Chris Isaak captured the audience’s attention Friday night at Billy Bob’s Texas the moment he walked onto the stage. He was wearing a blue sequined suit, after all. But wardrobe aside, the Sun Records influenced troubadour and his band of thirty years dazzled the crowd throughout their 28-song, two-hour set. A set that featured classic Isaak tunes, tributes to the legends of Sun Records, and even a surprise guest that had long time local music lovers on cloud nine.
Isaak started the show with the Elvis Presley rockabilly flavored “Gone Ridin’,” followed by the ’50s pop influenced “Somebody’s Crying” and “I Believe.” Isaak then thanked the audience for coming out to support live music. “Without you, I’d just be wandering around Fort Worth in a sequin suit with nothing to do,” he said. “People would come up to me and ask, ‘Are you a figure skater?'”
Though Isaak didn’t have to wander around town aimlessly, he did wander out into the audience to perform “Don’t Leave Me on My Own.” Making his way to the back of the crowd, Isaak took time for handshakes and pictures, and then mentioned that an old friend of his was in the crowd. Johnny Reno then stood up with his saxophone in hand. Reno had played in Isaak’s band for a while in the ’90s, and before that was an original member of Stevie Ray Vaughan’s Double Trouble. Reno played along with Isaak as they strolled through the crowd, but the real treat would come later in the show when Reno re-joined the band on stage.
The middle part of Chris Isaak’s show at Billy Bob’s Texas featured the singer’s more contemporary tunes including the bossa nova and rock mash-up, “Notice the Ring.” Followed by “Let Me Down Easy,” “American Boy,” “Wicked Game,” and an energetic, chant-filled “Goin’ Nowhere,” after which Isaak proclaimed, “Let your freak flag fly, Texas!”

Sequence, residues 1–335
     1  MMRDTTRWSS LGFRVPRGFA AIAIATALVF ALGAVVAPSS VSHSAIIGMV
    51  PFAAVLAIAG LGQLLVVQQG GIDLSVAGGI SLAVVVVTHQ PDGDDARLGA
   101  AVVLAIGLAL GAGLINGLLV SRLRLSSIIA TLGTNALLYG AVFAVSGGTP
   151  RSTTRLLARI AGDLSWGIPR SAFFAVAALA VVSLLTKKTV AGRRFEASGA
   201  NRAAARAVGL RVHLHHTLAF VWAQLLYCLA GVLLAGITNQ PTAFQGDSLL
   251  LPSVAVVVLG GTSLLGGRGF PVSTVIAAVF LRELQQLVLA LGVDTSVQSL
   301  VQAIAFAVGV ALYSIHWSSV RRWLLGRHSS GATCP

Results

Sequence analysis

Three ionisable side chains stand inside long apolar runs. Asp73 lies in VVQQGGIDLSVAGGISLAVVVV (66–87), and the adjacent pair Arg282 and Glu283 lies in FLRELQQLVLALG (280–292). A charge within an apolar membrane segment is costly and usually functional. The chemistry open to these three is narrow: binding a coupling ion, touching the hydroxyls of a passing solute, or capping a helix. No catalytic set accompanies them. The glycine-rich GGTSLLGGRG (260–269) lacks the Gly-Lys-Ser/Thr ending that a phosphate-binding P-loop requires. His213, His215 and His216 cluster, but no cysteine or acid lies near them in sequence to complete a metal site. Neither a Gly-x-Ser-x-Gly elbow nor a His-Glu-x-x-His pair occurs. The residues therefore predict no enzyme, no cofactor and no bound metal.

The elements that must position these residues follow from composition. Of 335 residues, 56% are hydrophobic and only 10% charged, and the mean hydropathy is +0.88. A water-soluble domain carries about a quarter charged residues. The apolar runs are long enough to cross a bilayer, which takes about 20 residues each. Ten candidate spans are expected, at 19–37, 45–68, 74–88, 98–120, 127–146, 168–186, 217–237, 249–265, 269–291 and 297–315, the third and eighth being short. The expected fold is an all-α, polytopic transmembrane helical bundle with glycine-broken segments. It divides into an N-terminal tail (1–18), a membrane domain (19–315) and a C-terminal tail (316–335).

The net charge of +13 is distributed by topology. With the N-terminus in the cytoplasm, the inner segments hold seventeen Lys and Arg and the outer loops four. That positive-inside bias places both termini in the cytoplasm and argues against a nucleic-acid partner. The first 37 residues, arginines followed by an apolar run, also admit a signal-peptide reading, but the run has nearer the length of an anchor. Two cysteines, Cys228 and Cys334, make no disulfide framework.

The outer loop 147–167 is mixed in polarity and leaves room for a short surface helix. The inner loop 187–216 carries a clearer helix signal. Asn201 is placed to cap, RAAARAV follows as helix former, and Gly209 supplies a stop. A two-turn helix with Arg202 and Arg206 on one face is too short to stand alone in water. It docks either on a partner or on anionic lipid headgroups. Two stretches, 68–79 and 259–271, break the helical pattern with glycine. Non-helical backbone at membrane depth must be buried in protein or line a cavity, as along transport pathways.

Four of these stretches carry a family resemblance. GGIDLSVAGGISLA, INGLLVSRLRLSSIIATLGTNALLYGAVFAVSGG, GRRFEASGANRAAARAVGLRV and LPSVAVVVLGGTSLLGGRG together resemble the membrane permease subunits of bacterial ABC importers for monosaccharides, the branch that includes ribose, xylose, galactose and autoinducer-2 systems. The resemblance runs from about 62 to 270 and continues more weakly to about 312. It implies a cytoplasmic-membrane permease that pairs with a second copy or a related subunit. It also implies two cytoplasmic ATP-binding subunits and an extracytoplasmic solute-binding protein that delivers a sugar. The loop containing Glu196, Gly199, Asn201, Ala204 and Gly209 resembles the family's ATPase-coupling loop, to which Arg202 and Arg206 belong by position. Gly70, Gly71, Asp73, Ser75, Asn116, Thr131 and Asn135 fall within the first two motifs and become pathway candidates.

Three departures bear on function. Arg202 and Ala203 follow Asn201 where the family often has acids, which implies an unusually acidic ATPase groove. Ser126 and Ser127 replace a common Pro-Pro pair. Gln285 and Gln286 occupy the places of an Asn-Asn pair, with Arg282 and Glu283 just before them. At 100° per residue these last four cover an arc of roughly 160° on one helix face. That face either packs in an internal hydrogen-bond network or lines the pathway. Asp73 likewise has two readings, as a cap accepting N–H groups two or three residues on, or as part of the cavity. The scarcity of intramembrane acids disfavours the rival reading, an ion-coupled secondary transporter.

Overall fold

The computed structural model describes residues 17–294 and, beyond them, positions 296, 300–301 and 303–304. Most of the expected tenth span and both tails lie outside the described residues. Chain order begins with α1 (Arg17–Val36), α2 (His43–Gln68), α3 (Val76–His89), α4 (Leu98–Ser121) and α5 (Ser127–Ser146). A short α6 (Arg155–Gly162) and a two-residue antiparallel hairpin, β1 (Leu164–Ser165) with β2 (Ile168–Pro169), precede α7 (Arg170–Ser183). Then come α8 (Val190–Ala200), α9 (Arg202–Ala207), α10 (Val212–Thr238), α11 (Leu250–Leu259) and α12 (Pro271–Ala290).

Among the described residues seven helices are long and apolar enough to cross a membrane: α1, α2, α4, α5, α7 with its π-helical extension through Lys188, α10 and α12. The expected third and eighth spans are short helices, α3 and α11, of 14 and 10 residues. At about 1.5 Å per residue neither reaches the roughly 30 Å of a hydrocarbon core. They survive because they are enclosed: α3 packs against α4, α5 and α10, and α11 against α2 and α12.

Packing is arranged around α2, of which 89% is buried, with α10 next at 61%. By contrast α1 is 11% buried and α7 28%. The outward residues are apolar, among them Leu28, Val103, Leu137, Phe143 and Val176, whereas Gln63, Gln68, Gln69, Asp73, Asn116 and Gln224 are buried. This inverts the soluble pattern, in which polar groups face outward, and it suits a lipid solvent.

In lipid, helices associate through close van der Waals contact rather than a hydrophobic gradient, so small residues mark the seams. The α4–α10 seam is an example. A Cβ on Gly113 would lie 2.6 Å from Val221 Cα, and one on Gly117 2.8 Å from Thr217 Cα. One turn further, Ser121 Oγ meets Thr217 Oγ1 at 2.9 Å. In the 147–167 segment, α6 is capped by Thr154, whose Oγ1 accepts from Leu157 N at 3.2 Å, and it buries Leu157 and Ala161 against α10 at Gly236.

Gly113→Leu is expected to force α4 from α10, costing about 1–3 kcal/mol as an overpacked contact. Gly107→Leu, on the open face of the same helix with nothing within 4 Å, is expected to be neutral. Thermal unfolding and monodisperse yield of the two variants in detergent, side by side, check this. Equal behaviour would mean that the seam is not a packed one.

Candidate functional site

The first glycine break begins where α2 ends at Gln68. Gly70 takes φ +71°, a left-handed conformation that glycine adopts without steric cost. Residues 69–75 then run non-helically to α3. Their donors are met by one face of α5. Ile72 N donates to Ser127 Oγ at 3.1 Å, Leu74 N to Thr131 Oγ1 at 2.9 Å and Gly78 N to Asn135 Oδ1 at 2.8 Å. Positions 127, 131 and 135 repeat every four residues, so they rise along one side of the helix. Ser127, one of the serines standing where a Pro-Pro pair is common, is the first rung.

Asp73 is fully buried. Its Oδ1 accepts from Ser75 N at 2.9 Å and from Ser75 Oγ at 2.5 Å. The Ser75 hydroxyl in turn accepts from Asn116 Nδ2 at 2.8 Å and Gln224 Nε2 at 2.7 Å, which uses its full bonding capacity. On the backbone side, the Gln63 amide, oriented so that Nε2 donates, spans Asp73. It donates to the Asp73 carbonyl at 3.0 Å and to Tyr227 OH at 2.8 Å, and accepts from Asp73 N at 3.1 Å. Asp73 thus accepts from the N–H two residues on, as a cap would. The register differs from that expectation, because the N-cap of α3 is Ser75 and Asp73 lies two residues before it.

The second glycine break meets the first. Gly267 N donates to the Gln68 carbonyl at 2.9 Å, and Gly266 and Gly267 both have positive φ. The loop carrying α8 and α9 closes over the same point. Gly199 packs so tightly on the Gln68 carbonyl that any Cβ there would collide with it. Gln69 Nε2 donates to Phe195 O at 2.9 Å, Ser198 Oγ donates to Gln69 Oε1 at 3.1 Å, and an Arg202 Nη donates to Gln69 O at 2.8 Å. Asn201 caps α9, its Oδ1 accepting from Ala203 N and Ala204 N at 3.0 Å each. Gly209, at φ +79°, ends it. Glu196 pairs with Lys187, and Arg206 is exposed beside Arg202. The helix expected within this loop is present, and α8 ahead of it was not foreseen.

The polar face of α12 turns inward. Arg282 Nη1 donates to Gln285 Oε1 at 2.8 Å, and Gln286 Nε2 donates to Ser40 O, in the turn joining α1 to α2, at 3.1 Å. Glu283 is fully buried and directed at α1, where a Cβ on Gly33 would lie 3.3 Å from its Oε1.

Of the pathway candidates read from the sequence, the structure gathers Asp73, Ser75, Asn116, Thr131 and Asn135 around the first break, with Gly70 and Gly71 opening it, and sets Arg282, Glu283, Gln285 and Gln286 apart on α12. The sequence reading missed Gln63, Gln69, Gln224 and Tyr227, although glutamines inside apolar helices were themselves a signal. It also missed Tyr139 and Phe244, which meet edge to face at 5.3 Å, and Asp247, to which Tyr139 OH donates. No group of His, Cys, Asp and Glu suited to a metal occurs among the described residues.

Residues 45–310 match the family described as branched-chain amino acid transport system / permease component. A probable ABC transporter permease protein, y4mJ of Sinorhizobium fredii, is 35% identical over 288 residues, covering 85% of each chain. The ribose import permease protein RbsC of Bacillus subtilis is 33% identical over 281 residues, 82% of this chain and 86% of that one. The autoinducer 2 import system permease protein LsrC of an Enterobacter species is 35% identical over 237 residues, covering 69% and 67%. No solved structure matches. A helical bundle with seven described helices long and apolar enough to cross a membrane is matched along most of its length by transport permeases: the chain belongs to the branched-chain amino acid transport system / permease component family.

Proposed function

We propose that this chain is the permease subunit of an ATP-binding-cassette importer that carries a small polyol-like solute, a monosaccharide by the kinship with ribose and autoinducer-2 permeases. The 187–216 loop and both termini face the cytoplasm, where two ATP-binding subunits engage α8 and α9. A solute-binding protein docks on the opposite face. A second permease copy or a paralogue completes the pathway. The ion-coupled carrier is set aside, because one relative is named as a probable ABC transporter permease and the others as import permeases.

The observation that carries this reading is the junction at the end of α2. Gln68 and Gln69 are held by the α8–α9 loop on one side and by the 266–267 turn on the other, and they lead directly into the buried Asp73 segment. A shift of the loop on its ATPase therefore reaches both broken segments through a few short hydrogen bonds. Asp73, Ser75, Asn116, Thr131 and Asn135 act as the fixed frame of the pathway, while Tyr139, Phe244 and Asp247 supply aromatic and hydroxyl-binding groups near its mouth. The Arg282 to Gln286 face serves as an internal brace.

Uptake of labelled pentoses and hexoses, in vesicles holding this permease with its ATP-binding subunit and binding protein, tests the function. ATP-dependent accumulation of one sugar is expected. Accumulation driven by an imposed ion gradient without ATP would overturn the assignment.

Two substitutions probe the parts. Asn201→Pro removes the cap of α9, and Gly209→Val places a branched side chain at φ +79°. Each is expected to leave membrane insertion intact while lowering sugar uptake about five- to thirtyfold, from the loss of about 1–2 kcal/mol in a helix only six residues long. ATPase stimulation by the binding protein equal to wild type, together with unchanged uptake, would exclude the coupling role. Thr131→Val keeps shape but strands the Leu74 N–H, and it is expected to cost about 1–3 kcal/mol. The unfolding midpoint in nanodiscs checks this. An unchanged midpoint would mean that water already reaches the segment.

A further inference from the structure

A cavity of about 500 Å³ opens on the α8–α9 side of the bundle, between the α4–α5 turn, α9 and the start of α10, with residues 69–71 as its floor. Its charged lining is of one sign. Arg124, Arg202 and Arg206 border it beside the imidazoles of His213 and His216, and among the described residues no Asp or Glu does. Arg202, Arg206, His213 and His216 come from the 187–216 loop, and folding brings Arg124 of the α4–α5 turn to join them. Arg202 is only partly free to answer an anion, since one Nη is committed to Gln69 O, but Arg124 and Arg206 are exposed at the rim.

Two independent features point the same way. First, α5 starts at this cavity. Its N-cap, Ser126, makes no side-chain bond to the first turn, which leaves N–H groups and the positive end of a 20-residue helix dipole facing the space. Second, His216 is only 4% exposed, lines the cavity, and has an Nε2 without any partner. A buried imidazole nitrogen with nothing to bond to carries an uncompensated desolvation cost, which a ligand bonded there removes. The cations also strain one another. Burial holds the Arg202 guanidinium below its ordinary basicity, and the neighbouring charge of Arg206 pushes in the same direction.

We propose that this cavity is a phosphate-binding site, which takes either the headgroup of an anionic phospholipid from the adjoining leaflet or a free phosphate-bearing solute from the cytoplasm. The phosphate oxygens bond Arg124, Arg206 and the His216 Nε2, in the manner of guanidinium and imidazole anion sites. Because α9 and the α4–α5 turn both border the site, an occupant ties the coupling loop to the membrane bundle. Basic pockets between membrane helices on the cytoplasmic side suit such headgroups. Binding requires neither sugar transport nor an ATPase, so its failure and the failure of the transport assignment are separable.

A standout moment of the show came when Isaak performed the torch song, “You Don’t Cry Like I Do.” The tune’s haunting lyrics (“You don’t want me, you don’t love me, and that’s what kills me.”) and Isaak’s velvet voice made for a stirring performance. I couldn’t help but close my eyes and picture Roy Orbison on stage.
Near the end of the set, Isaak welcomed Johnny Reno back for four songs that were as eclectic as the performers on stage. Reno shined on the instrumental “Harlem Nocturne” and added a bit of swagger to “Blue Spanish Sky.” Isaak then asked Reno to join in on a song the band hadn’t performed in a while, “Diddley Daddy.” The rockin’ Bo Diddley-esque number had Isaak grinning ear to ear, and featured a scorching organ solo by Scott Plunkett. It was easy to tell that the band was having a blast at this point.
“Wow! I forgot what I’m supposed to do now,” Isaak said following the rousing performance of “Diddley Daddy.” Luckily, he regained his composure to launch into Johnny Cash’s “Ring of Fire.” Isaak and band would also cover Orbison’s “Pretty Woman” and Jerry Lee Lewis’ “Great Balls of Fire” (complete with a smoking piano and Isaak clad in a silver-plated suit).
Throughout the 28-song late night show, the energy level at Billy Bob’s Texas never dropped. Indeed, just as dazzling as his wardrobe, Chris Isaak’s performance was downright captivating.
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